When the Nigerian Constitution outlined the right to privacy in Section 37 it read “The privacy of citizens, their homes, correspondence, telephone conversations and telegraphic communications is hereby guaranteed and protected.”
This might have been appropriate in 1999, the year it was passed, but our technologically driven world has evolved to a point where this provision is not enough to protect online data. Sector specific laws with privacy and data protection provisions exist such as the Central Bank of Nigeria Act, the National Identity Management Commission Act and others. However, the current climate calls for a dedicated legislation that addresses data protection online and different government administrations have tried to fill in this gap.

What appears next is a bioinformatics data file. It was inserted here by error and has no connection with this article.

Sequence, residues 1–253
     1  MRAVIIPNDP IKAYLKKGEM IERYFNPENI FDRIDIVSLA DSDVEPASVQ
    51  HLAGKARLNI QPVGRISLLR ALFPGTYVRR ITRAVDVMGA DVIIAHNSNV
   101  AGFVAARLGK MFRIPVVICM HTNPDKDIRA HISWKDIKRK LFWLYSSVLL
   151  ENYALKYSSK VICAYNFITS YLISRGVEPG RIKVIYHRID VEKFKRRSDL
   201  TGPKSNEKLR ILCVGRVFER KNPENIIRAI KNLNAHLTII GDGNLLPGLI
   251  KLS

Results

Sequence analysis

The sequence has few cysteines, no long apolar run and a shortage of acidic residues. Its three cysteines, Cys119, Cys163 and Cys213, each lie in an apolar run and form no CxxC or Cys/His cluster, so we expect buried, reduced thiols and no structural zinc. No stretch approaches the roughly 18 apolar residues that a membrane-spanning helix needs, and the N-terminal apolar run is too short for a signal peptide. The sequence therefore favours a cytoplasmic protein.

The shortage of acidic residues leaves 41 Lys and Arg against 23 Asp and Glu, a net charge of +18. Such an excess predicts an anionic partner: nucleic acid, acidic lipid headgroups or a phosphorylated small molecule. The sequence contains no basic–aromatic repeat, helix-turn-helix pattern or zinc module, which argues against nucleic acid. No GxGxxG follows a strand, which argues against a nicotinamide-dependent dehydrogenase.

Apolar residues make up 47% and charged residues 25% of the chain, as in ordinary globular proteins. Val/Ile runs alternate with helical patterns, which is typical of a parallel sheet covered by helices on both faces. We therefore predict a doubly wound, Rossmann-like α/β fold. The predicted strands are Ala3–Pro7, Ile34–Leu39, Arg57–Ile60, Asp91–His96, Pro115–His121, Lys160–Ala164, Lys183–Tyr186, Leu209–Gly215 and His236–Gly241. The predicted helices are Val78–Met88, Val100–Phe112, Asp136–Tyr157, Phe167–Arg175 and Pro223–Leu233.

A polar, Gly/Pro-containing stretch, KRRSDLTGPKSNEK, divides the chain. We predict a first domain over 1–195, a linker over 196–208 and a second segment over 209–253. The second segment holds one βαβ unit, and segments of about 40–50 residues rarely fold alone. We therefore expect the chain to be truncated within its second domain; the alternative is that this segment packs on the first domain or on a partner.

Noting the gap in specific legislation, there have been various attempts to enact comprehensive data protection legislation in Nigeria. These efforts are reflected in a number of measures that have come before Nigerian legislators in the past. Some of which are: the Privacy Bill of 2009, the Data Protection Bill of 2010, the Personal Information and Data Protection Bill of 2012, the Electronic Transactions Bill of 2015, the Digital Rights and Freedom Bill of 2015, the Data Protection Bill of 2016, the Data Protection Bill of 2017 – none of which have been passed into law. Although one of the attempts, the Data Protection Bill of 2019, was passed before the two legislative chambers and sent to the President who ultimately rejected it, citing no rationale. Some progress was made when a draft bill was put together in 2020 and various stakeholders gave some input in the hopes that the bill would be presented sometime in 2021. However, in November 2021, the federal government put out a call for consultants to draft a new bill suggesting that the anticipated draft bill for 2020 has now been abandoned.